Sydney moves forward with electric buses
In the Australian city of Sydney, the capital of New South Wales (NSW), Transit Systems and their partners Zenobē and TransGrid have completed the construction of Australia’s largest electrified bus depot. The NSW State Government has also approved $3 billion to fund the next stage of Zero Emission Buses (ZEBS) and new charging infrastructure.
New South Wales gears up for zero-emission bus transition
Australia’s New South Wales government has announced it will invest $218.9 million over the next seven years to start decarbonising the bus fleet. The funding has been confirmed as part of the 2022-23 state budget and defines a gradual transition that will need bolstering until completion envisioned in 2047.
Jolt & Endeavour Energy to install EV chargers in Sydney
Endeavour Energy, a utility serving 2.6 million people in New South Wales, Australia, has teamed up with Jolt. The companies want to install a network of free electric vehicle charging stations across Western Sydney. The installations will utilise Endeavour’s streetside substations.
Sydney orders 79 e-buses from Custom Denning
In Australia, the Western Sydney-based company Custom Denning has been awarded a contract to design, manufacture and assembly 79 new electric buses to operate in Sydney. This is just part of a larger plan to fully decarbonise bus services in Australia’s largest city.
Sydney to go electric with 8000 e-buses
The government of the Australian state of New South Wales plans to electrify Sydney’s bus fleet of around 8,000 vehicles. The government is currently awarding new contracts for the provision of bus transport services throughout Sydney.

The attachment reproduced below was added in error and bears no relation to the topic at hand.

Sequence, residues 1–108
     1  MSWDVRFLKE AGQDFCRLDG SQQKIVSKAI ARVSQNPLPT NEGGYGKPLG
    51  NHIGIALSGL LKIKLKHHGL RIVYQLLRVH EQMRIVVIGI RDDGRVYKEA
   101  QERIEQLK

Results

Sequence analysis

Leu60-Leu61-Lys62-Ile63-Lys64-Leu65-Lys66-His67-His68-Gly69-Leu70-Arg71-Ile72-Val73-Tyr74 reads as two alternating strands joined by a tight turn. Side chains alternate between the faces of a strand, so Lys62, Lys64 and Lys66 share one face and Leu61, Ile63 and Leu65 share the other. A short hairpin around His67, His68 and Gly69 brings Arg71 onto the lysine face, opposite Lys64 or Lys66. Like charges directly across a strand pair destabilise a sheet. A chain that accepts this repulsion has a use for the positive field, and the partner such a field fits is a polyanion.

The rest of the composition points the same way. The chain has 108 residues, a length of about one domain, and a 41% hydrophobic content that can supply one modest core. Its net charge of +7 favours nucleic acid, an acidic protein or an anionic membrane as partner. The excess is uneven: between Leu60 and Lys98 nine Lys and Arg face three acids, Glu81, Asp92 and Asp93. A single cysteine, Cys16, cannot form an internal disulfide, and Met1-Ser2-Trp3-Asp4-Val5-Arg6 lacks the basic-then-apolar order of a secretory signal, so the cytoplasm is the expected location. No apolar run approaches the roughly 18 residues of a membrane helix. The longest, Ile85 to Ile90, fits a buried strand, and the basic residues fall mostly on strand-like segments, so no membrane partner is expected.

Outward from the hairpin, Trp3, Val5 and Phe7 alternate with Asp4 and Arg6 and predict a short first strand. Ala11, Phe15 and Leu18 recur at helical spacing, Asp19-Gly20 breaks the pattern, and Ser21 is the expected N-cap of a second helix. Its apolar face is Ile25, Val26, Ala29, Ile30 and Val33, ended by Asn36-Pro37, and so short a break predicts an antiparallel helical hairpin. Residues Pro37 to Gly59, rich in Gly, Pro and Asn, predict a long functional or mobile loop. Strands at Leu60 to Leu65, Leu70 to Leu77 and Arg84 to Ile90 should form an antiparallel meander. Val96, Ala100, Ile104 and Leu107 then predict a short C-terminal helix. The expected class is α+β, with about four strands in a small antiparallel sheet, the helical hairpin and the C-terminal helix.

ChargeFox reveals Australian charging network
Australian electric vehicle charging network operator Chargefox has revealed the target locations for 22 sites in the first phase of its fast-charging network and announced plans to grow to over 100 charging sites around Australia.
Supercharger, Uber, Hungary, Sydney.
Pre-pay the Supercharge: It becomes more and more evident that Tesla will charge those opting for the Model 3. The MyTesla pages ask for credit card payment, while an in-depth look at the CCS section reveals “supercharger-payment” and “supercharger credits in kWh” sections.
Uber electric: More than 50 Nissan Leaf and BYD e6 will soon be available to hail via the Uber app in London. A trial has already started. By autumn, another British town is to profit from the offer and the ride hailing service says “hundreds” of electric taxis shall be bookable by 2017.
businessinsider.de, engadget.com, metro.co.uk
4m euros for 1,000 EV chargers: The Hungarian Ministry of Economy opened a 3.9m euro fund for EV charging infrastructure. The Eastern European country aims for a 1,000 stations and has asked towns and communities with at least 15,000 residents to apply.
kormany.hu (in Hungarian) via emobilitaetonline.de (in German)
Electric airport shuttle: Sydney Airport launched its first electric bus. It is the first of five Blu Emu buses to follow before the years’ end. They replace an ageing diesel shuttle fleet. Delivered by Carbridge in a JV with BYD, the Toro model can carry up to 70 passengers. Meanwhile, Perth is testing the autonomous electric RAC Intellibus that transports up to 11 guests at an average speed of 25 kph.
airport-world.com, sydneyairport.com.au, zdnet.com
UK, Chargemaster, Tesla, Sydney, TomCar.
Fleet funding pot: 19m pounds worth of funding has been made available by the UK government to help commercial fleets adopt zero emission vehicle technologies. Bidding is now open to both large fleet operators and SMEs. Part of the funds will go towards building charging infrastructure.
EV charging partnership: British Automobile Association (AA) and Chargemaster will be installing 2,500 charge points at AA-rated hotels as part of a new EV partnership. The deal for AA members will include 300 euro home installation packages, discounted charging as well as marketing.